Just as the photographers of landscapes want to share the scenes they capture, marine scientists want to share the hidden terrains that make the seafloor so captivating. That is the goal of a new initiative that uses marine surveys to create visually stunning artworks.
Visual Soundings is a new website and art collection showcasing the wonders found through multibeam echosoundings (MBES). The contributors to this site have been ‘listening’ to the seafloor for decades with increasingly sophisticated technology, and are now sharing what they have found to a wider audience.
Dr Lucieer, a marine spatial analyst behind the Visual Soundings collection, said seafloor images are usually studied with a scientific eye rather than from an artistic perspective, which means the breathtaking beauty of marine landscapes are often overlooked.
“We’re familiar with the appearance of the Moon and even the surface of Mars is well-documented thanks to NASA’s rovers, but still only five per cent of the world’s oceans have been mapped in any detail,” Dr Lucieer said.
“In recent years, however, new techniques such as multibeam echosounders have revolutionised scientists’ knowledge of the appearance, shape and structure of the seabed.
“In doing so, they sometimes reveal startlingly beautiful glimpses of the seafloor that look more like works of art than scientific data.”To get stories like this delivered to your mailbox every week, subscribe to our weekly newsletter.
Simple echosounding and other techniques have been used for many years to make maps of the seabed, primarily for safety of navigation, based on the depth measurements (soundings).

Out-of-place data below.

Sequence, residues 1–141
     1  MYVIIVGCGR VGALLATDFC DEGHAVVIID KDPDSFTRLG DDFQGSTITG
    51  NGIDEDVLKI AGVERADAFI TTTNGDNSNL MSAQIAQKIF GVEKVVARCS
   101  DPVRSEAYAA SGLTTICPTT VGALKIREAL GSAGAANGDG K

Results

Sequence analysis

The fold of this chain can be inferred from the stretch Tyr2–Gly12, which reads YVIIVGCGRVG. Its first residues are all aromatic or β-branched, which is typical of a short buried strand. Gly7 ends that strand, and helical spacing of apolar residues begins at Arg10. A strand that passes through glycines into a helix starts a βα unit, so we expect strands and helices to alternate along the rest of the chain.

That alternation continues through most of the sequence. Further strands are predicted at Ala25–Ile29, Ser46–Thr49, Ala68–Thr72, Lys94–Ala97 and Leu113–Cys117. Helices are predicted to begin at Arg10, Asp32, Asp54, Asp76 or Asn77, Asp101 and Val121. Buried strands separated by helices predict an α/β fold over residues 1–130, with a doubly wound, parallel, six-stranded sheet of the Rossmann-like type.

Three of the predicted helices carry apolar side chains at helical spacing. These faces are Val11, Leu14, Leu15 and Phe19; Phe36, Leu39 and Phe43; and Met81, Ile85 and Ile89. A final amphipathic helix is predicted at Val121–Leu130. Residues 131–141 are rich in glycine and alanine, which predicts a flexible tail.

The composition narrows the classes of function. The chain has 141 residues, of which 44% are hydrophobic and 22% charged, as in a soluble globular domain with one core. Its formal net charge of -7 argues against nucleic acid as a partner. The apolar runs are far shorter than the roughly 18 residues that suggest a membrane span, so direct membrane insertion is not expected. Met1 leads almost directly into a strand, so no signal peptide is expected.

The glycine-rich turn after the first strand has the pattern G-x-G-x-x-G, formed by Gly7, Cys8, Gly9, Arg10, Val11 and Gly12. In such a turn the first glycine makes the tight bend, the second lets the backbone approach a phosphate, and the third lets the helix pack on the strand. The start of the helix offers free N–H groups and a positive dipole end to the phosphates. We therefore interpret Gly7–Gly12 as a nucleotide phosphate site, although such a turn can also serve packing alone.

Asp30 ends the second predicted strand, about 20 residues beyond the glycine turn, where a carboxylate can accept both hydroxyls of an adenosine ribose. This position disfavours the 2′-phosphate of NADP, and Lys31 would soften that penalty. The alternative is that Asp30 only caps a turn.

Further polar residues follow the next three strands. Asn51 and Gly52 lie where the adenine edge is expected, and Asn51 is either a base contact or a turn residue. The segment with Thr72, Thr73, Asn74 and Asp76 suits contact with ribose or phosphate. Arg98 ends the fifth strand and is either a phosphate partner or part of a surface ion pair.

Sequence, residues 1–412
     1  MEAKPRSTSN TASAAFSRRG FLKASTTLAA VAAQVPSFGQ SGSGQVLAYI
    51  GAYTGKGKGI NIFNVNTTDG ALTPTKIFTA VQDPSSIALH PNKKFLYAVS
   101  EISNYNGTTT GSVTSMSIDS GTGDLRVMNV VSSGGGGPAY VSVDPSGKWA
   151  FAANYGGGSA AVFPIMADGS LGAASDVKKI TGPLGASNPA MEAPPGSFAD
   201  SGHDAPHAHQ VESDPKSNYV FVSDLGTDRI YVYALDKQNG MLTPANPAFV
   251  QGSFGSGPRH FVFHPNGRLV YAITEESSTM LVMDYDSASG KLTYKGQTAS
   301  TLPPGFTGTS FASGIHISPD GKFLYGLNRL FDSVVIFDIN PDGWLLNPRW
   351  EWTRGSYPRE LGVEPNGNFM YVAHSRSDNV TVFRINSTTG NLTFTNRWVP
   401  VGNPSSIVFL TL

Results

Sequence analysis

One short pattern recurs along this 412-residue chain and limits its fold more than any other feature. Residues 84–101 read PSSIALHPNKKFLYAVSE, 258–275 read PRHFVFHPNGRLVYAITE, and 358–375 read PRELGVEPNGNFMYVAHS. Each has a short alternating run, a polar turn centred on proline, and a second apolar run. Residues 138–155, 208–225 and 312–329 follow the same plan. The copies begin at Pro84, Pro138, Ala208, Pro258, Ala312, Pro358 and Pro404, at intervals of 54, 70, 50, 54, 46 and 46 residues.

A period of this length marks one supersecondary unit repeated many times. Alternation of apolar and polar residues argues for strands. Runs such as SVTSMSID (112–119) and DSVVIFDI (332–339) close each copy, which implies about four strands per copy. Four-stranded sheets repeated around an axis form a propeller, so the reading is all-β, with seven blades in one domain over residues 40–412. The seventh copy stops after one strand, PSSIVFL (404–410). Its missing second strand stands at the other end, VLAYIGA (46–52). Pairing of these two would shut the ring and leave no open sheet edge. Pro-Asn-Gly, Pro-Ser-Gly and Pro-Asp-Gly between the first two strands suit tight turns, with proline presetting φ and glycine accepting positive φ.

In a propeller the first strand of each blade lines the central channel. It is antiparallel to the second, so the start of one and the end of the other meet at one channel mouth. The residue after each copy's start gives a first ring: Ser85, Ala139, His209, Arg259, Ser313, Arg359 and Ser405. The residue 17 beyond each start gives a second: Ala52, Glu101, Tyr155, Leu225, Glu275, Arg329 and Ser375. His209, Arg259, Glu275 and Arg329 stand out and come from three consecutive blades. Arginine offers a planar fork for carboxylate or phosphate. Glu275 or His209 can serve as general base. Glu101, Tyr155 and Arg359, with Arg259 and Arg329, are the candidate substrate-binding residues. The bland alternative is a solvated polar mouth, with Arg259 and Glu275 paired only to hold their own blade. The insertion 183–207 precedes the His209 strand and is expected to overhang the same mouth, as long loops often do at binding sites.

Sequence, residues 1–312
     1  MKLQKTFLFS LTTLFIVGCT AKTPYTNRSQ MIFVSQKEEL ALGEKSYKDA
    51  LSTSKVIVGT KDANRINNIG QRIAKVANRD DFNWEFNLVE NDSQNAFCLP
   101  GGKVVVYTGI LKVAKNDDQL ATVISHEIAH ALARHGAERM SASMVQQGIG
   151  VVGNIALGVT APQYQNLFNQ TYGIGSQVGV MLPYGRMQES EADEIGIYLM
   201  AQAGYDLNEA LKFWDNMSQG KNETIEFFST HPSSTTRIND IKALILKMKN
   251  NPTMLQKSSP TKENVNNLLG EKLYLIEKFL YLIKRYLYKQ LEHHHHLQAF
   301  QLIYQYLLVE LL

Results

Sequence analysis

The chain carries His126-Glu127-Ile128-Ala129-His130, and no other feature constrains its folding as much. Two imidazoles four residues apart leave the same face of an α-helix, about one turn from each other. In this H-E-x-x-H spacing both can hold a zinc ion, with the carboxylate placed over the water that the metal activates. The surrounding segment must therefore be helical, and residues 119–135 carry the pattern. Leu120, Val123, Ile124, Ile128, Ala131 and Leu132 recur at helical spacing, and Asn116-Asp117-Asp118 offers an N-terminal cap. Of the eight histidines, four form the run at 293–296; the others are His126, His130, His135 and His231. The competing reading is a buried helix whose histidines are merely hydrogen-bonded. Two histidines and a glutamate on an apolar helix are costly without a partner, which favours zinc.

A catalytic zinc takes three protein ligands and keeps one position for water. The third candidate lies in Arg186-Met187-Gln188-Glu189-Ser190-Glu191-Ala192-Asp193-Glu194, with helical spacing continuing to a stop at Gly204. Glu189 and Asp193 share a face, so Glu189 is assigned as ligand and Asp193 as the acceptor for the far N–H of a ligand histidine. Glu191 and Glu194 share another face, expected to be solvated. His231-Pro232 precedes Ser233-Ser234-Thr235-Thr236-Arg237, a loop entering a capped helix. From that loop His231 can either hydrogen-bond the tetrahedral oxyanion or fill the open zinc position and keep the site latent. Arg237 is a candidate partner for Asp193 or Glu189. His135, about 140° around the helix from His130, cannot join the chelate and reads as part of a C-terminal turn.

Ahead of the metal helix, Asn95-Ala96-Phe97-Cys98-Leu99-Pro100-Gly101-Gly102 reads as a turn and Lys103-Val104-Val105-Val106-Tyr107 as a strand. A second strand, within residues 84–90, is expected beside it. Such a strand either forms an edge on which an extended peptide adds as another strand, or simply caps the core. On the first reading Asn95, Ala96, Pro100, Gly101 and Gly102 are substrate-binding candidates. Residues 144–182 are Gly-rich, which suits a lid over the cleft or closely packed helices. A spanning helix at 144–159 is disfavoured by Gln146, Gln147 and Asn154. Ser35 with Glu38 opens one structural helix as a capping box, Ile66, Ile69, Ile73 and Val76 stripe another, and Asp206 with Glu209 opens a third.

More advanced acoustic techniques, most significantly multibeam echosounders have revolutionised our knowledge of the shape and structure of the seabed over the last couple of decades. MBES have now evolved to become the standard system for mapping the oceans, lakes and rivers.
Traditionally, MBES systems have been ship hull mounted but more recently have been adapted to Remotely controled Underwater Vehicles (ROVS) and Autonomous Underwater Vehicles (AUVs).
Dr Lucieer encourages others to contribute their own artworks to the catalogue.
“My colleague Margaret Dolan and I wanted to share the sense of wonder that we often experience when studying acoustic images,” she said.
“Through Visual Soundings we are sharing some of our favourite images and inviting others to contribute their own acoustic images.”
Dr Lucieer, who exhibited her first works in the 2016 exhibition Oceans of the Unknown, said she had been keen to reveal the beauty of seafloor dynamics through an artistic avenue throughout her career as a marine spatial analyst.